While last winter was a reprieve from shoveling and high fuel bills, the party is over. According to the 2017 Farmers’ Almanac, “winter is back!”
The 2017 Farmers’ Almanac, which hits store shelves everywhere on August 15, 2016, forewarns that exceptionally cold, if not downright frigid weather will predominate over parts of the Northern Plains, Great Lakes, Midwest, Ohio Valley, the Middle Atlantic, Northeast, and New England this winter. The Farmers’ Almanac’s long-range weather predictions also suggest shots of very cold weather will periodically reach as far south as Florida and the Gulf Coast.
In contrast, milder-than-normal temperatures will prevail over the Western States.
While winter officially starts on December 21, 2016, the Farmers’ Almanac predictions point to some snow and cold conditions in mid-November in the Northeast, Great Lakes, and Midwest. However, the good news is that the frigidly cold temperatures really won’t take hold until much later in the season.
DOWNRIGHT FRIGID FEBRUARY
The Farmers’ Almanac, which breaks the country into 7 zones, and offers predictions for three-day intervals, forewarns of a mixed bag of wintry weather for both December and January. But it’s really February when the frigid temperatures take hold (northern tier states could see ambient air temperatures as low as 40 degrees below zero!). This is the month you want to make sure your heat works, your long johns are washed, and your slippers are nearby.
WHAT ABOUT SNOW?
Get the snow blowers ready in the East and umbrellas in the West! An active storm track will deliver above-normal precipitation to the Southeast, Northeast and New England states throughout most of the winter, especially February (see above!). In addition, another active storm track from the Pacific will deliver a dose of above-normal precipitation across the Western States. Meanwhile, near or below-normal precipitation will cover the nation’s midsection.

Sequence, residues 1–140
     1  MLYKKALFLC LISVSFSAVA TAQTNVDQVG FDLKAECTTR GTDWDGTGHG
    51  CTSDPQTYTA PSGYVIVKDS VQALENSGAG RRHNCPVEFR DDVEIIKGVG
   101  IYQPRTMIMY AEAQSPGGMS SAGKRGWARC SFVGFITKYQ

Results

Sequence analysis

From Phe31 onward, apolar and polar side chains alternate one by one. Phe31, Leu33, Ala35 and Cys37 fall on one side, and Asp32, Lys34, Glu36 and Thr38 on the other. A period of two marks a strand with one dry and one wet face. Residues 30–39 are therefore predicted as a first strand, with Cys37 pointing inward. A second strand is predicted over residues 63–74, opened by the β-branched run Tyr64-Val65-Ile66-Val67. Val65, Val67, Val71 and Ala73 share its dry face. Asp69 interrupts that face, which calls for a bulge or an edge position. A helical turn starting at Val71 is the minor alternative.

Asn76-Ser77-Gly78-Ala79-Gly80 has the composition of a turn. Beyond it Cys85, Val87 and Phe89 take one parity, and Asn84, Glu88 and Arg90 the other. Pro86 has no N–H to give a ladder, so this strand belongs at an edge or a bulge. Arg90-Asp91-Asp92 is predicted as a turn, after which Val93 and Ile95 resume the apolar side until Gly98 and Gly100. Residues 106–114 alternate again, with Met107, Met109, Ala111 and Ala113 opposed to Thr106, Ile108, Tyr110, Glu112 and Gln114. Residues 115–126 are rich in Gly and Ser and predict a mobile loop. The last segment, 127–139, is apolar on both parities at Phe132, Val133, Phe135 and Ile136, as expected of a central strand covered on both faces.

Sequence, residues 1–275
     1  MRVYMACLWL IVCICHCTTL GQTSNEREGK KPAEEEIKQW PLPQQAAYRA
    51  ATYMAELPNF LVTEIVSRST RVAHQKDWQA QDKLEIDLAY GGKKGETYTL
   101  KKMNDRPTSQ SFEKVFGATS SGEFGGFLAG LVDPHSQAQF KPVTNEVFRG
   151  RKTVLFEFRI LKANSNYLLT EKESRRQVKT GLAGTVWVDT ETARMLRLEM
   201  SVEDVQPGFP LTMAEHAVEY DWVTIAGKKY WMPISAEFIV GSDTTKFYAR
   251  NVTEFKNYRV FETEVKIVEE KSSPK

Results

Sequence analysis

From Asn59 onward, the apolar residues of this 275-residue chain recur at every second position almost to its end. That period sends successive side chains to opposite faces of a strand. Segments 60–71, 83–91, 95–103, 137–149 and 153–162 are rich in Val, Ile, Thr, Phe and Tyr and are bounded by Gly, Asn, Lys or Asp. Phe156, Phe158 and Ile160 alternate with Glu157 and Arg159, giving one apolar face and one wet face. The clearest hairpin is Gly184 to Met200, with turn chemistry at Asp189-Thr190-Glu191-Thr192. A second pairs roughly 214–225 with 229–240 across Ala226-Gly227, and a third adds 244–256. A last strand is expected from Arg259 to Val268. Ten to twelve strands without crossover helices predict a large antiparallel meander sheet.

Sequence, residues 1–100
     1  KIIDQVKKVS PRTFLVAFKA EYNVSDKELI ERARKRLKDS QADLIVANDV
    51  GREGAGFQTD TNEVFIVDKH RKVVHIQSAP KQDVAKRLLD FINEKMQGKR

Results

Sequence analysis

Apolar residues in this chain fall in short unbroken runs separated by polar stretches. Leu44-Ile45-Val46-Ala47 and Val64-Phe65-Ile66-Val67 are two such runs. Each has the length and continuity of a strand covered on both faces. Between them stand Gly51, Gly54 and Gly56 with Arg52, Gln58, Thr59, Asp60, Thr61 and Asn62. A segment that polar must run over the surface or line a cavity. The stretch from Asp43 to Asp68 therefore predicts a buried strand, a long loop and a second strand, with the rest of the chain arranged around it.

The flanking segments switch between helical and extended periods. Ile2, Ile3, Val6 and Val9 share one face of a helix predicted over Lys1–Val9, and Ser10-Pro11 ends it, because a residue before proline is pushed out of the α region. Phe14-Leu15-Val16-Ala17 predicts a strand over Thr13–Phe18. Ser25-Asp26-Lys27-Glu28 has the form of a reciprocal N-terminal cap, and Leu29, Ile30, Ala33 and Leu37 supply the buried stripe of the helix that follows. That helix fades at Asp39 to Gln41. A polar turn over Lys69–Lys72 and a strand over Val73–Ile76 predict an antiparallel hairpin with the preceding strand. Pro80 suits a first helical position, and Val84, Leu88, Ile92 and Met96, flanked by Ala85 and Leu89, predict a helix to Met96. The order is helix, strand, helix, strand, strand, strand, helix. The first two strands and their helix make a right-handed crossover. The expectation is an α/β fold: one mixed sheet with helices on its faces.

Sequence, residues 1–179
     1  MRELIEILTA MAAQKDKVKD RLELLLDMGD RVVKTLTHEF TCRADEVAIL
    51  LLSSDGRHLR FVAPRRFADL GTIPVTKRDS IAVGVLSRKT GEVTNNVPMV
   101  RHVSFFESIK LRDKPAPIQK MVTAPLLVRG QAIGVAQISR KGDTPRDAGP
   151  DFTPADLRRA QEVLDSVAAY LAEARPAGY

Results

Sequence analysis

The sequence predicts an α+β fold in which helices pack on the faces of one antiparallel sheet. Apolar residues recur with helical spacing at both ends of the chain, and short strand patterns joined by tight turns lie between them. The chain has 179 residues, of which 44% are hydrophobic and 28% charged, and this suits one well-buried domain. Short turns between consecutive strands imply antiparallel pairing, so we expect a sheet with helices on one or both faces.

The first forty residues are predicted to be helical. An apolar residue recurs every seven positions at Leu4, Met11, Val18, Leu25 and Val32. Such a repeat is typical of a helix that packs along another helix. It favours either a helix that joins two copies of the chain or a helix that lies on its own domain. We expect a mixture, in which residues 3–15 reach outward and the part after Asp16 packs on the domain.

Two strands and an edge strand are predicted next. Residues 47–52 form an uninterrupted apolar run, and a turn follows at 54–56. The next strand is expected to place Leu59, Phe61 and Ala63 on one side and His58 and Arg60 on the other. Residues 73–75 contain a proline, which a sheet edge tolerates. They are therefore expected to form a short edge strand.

Farmers’ Almanac is also red-flagging February 16-19, when a small, but intense storm develops near the Virginia Capes and delivers a heavy snowstorm with strong winds for parts of the Tennessee Valley, through western North Carolina, the Virginias, Maryland, and Delaware northeast into southern New England – some locations could receive 1 to 2 feet of accumulation!
Each and every year since 1818, the Farmers’ Almanac has been offering long-range weather predictions that are amazingly accurate. But have you ever wondered how these forecasts are made?
In this day and age in which weather is found at a click of a button, the Farmers’ Almanac continues to offer a longer range weather forecast than any other source available. In each edition of the printed Farmers’ Almanac there is over 12 months of weather predictions for the continental United States, as well as a version for our Canadian friends, with weather forecasts for most Canadian provinces.
People find the Almanac’s long-range forecast especially useful when planning their days ahead, especially when preparing for heating bills, vacations, special events, weddings, and much more. Many businesses consult the Farmers’ Almanac’s outlook for their planning as well. And what’s really amazing is that these weather predictions are rather quite accurate.
So how does the Farmers’ Almanac do it?
The editors of the Farmers’ Almanac firmly deny using any type of computer satellite tracking equipment, weather lore or groundhogs. What they will admit to is using a specific and reliable set of rules that were developed back in 1818 by David Young, the Almanac’s first editor. These rules have been altered slightly and turned into a formula that is both mathematical and astronomical. The formula takes things like sunspot activity, tidal action of the Moon, position of the planets, and a variety of other factors into consideration. The only person who knows the exact formula is the Farmers’ Almanac weather prognosticator who goes by the pseudonym of Caleb Weatherbee. To protect this proprietary and reliable formula, the editors of the Farmers’ Almanac prefer to keep both Caleb’s true identity and the formula a closely guarded brand secret.
While some may question how a publication that started nearly 200 years ago can make such accurate weather forecasts, the Farmers’ Almanac editors like to remind everyone that this formula has been time-tested, challenged, and approved for nearly two centuries. The Farmers’ Almanac is the oldest source of consecutively published weather forecasts, even longer than the National Weather Service.
Unlike your local news, government, or commercial weather service, the Almanac’s forecasts are calculated several years in advance. Once the new year’s edition of the Farmers’ Almanac is printed, the editors never go back to change or update its forecasts the way other local sources do.
Though weather forecasting, and long-range forecasting in particular, remains an inexact science, many longtime Almanac followers claim that our forecasts are 80% to 85% accurate.
Article Credit: Farmers’ Almanac
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